For years now, patients have been showing up at their doctors’ offices with piles of web articles found through Google searches — because care recipients and their families want to understand care options and to be involved in developing their care plan.
They also want to ensure their care is based on their values, goals, and preferences — not just what their provider says is best. Since not all downloaded care information is dependable, patients struggle to sort fact from fiction. A network focused on person-centered care can become a trusted source.
It provides meaningful, objective ratings
Person-centered networks provide valuable insight into care beyond traditional measurements of quality and safety. Both providers and care seekers deserve a better way to measure quality, and care seekers deserve objective measures they can trust when searching for the right care options.
A quality network makes this possible: Our rating program measures quality of care by surveying those most affected by the care experience: residents, clients, and staff. This provides objective data that results in quality ratings that are meaningful, believable, and verifiable.
It includes home care
Current quality standards are for nursing homes, hospital swing beds, and home health care. A quality long-term care network that includes home care and assisted living providers sets a standard across the board—an important distinction given that both in-home personal care and assisted living increasingly are taking on higher-acuity referrals.
It simplifies the care-seeking experience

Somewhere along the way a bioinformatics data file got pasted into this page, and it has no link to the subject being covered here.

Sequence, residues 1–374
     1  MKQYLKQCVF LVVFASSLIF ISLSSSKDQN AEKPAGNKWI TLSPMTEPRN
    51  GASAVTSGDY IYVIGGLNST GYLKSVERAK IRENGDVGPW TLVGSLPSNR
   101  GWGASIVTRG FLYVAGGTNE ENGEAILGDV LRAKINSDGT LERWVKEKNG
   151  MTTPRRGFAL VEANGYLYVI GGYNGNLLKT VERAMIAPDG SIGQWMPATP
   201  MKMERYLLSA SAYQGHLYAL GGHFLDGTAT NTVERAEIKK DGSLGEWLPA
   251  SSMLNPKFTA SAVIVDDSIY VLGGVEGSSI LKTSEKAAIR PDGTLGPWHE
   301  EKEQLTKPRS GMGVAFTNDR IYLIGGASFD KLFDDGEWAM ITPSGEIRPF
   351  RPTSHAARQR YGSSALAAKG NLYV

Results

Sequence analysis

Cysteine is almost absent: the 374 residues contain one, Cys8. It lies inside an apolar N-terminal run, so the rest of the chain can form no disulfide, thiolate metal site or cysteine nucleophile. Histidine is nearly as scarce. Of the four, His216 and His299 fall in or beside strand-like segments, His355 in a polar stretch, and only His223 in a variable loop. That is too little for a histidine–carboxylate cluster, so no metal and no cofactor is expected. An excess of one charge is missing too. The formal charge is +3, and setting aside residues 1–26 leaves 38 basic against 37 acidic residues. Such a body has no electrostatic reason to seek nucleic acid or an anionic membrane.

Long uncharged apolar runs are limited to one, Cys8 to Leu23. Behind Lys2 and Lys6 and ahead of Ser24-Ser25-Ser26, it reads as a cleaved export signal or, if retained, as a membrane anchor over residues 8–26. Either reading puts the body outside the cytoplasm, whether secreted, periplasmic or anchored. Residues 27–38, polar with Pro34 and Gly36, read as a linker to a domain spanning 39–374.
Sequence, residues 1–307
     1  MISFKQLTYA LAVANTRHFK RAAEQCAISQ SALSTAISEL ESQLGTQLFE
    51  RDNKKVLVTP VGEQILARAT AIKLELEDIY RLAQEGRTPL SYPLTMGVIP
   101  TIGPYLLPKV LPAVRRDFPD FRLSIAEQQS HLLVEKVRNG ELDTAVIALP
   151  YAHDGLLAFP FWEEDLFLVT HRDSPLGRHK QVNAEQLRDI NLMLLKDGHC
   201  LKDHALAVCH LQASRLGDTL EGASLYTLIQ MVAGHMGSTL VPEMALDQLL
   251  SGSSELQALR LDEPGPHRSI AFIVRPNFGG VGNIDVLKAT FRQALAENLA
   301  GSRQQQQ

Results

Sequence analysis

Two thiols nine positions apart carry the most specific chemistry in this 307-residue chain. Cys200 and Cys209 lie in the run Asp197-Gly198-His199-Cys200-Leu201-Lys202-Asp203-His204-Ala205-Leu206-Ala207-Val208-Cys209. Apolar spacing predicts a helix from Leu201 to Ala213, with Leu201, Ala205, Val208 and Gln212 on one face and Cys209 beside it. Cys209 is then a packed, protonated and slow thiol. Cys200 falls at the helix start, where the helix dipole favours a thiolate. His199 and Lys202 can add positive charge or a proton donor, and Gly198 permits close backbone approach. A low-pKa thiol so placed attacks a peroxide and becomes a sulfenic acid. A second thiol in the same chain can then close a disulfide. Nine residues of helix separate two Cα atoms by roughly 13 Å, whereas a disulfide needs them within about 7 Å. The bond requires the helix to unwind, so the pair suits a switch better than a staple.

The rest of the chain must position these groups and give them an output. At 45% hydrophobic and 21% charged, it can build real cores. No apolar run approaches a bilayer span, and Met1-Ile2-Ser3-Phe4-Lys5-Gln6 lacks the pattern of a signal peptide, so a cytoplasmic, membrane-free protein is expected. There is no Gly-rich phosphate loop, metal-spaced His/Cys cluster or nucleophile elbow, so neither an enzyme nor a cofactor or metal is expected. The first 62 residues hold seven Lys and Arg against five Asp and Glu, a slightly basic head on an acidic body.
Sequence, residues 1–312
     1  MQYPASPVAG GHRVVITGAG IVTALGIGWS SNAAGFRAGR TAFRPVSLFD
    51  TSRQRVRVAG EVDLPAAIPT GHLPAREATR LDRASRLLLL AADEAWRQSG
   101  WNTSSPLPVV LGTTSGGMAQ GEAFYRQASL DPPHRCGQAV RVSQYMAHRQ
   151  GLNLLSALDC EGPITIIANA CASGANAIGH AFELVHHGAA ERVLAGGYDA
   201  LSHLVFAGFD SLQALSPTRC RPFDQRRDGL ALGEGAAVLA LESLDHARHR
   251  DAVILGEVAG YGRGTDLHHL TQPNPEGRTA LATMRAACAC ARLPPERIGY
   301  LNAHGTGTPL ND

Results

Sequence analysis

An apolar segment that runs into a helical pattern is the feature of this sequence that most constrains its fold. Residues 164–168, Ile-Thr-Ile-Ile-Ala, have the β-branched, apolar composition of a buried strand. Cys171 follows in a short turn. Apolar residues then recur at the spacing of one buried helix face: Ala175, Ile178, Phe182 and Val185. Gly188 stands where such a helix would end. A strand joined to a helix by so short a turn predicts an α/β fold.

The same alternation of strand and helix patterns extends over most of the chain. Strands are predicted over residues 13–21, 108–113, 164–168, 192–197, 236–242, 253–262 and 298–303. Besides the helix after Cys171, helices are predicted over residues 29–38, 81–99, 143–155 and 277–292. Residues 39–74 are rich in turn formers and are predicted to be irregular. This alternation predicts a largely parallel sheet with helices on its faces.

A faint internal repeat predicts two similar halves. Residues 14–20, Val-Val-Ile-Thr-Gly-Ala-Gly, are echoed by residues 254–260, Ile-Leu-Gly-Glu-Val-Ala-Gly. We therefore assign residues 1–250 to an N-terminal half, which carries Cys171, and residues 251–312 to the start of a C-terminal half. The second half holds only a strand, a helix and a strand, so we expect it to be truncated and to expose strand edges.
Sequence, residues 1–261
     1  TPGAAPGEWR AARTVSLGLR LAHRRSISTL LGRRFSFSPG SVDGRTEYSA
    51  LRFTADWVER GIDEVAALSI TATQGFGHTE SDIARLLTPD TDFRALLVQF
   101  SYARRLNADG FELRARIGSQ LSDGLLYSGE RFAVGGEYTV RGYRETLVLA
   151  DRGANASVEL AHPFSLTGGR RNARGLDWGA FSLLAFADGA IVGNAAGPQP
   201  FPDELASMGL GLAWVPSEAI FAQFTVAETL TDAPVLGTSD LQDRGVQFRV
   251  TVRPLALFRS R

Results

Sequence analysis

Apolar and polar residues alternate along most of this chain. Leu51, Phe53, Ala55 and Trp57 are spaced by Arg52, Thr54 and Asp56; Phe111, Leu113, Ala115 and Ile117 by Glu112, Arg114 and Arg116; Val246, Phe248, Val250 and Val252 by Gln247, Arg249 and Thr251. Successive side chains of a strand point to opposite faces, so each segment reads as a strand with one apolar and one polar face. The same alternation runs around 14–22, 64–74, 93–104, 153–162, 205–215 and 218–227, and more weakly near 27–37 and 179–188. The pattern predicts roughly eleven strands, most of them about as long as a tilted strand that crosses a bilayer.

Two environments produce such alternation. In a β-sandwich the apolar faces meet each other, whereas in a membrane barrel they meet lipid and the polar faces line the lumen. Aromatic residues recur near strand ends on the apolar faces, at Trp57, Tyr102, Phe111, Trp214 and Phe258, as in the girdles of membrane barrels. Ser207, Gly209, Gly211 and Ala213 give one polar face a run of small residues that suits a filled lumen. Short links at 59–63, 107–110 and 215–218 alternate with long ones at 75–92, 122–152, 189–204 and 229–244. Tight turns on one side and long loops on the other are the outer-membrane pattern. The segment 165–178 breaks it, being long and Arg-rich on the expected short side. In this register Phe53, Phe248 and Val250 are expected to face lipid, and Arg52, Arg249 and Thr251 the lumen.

A quality network can make it much easier for care seekers to navigate the long-term care system and find the right care options.
Rather than start from scratch and Google all providers in their region, for example, individuals and family members could consult a quality network’s app or online search to narrow their search and choose from those providers already vetted for quality.
It supports staff on the front lines
A quality network can offer guidance to caregiver staff to help them integrate client choice when developing care plans, and do it transparently.
For example, our CareScout Quality Care Academy offers curated person-centered care training to staff in the form of online continuing education.
The curriculum includes modules for administrators, clinicians, caregivers, HHAs, and CNAs. For caregivers, these modules supplement or replace current training programs to help meet compliance and CEU needs.
It creates a provider “support group”
A quality network establishes a community of visionary providers committed to person-centered care so no provider has to go it alone. This community can create opportunities for professional collaboration, shared learning, and peer-to-peer moral support.
It makes person-centered care providers more visible—and differentiates them from competitors
A quality network increases the visibility of providers and makes them more desirable to care seekers. It spotlights their focus on person-centered care so that more care seekers are aware of their focus.
All of this can help providers build their businesses and keep quality long-term care viable and sustainable.
It’s time to choose person-centered care
The long-term care system has come to a crossroads, where the choice is between continuing to struggle under the status quo or innovating in pursuit of the North Star of quality—person-centered care.
By joining together, united by commitment to care where a person’s values and beliefs impact the care plan in concert with professional judgment, long-term care providers can help transform our industry.
Our clients, residents, and patients have been clamoring for this. They, and we, deserve better.